You could say that Ian Siegal came to the blues via an unusual path. He didn’t grow up the son of a sharecropper on a dusty farm in the Delta of Mississippi. Indeed for a man whose music is so enthusiastically fuelled by such American idioms as folk and the blues, the British-born Siegal actually began his music career as an art school dropout busking on the streets of Germany.
The official launch of Siegal’s career began in 2003 when he served as the opening act for ex-Stone Bill Wyman’s Rhythm Kings. Next up was a tour of The United Kingdom alongside Big Bill Morganfield (son of legendary bluesman Muddy Waters).
The same line followed with the release of Swagger (2007) and Broadside (2009). In addition to a growing audience, Siegal also began to gain the attention of the press, picking up a ‘Blues Album of the year’ award from MOJO magazine. (Swagger had previously been named the magazine’s number two album of its year).
In 2011, Siegal released The Skinny. Recorded in north Mississippi, the album soaks up the flavor of the region, boasting a producer (Cody Dickinson) from the North Mississippi All-stars. The accompanying band’s line-up was also a reflection of Siegal’s desire to embrace the sound and ethos of area. Gary Burnside, Rodd Bland and Robert Kimbrough (all from North Mississippi) provide precisely the flavor needed to evoke the sonic ghosts of the Delta.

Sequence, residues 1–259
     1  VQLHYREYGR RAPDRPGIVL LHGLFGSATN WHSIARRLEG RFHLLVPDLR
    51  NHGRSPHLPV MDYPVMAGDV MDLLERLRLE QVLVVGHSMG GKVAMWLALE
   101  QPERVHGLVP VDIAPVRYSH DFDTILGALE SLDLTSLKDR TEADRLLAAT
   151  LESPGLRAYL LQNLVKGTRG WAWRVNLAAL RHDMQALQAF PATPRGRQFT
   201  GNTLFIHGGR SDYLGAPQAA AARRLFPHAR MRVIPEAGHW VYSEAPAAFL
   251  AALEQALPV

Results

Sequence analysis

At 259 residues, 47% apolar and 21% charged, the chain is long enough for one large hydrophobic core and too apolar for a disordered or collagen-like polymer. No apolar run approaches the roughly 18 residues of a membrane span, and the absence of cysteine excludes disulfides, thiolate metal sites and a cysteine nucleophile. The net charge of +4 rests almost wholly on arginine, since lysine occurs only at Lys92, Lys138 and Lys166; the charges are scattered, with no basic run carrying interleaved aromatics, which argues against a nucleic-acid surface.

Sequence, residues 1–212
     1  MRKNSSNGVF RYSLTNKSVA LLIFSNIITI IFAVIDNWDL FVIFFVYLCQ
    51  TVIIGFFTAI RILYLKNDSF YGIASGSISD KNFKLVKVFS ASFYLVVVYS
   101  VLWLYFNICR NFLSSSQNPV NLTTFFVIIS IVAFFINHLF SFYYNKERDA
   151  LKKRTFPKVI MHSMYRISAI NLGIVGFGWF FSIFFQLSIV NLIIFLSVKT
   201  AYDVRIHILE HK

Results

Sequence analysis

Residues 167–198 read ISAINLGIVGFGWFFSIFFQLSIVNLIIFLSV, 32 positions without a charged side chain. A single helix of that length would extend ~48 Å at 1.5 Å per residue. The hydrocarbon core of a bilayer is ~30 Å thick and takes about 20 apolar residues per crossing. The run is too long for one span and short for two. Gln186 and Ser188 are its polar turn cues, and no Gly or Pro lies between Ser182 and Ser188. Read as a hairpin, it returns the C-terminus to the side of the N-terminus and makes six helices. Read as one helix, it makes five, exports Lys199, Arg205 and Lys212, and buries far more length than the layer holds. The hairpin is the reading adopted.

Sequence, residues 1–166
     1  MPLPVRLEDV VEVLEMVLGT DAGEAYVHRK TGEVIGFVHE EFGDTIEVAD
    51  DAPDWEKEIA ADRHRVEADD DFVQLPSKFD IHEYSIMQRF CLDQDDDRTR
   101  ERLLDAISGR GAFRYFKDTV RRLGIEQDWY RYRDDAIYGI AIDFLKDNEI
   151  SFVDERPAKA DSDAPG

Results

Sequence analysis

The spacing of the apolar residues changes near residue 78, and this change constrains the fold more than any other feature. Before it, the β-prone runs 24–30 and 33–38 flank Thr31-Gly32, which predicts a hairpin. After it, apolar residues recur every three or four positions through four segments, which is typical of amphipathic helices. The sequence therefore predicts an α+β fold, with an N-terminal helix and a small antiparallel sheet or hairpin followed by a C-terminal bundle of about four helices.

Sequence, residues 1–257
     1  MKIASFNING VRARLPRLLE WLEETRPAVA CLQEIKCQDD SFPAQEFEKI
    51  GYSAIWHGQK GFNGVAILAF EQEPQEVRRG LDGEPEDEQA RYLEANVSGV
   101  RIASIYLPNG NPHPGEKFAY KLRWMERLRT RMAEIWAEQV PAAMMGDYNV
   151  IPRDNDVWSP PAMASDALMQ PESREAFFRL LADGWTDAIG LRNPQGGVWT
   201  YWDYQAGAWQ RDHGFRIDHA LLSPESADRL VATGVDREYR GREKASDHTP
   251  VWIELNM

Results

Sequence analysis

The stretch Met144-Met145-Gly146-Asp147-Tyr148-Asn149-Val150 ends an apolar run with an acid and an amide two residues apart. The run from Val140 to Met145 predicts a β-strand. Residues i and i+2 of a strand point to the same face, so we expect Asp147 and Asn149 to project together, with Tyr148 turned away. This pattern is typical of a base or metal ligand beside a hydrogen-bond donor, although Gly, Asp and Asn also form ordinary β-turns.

Soaring to number one in the iTunes UK blues chart and greedily receiving a monsoon of awards, The Candy Store Kid furthered Siegal’s efforts of expanding his audience. By now the word was out and soon began leaking to the rest of Europe and the US.
With three more albums under his belt, Siegal’s following has grown as steadily as his unique sound has matured. In 2014, he released Man and Guitar as well as ‘Picnic Sessions.’ A year later, One Night in Amsterdam followed. Given the dizzying surprises in Siegal’s musical growth, a fan of the blues can rest assured that his career will provide much to get excited about. His next adventure in sonic experimentation will likely be as thrilling as his last. So missing an Ian Siegal album would be a huge mistake.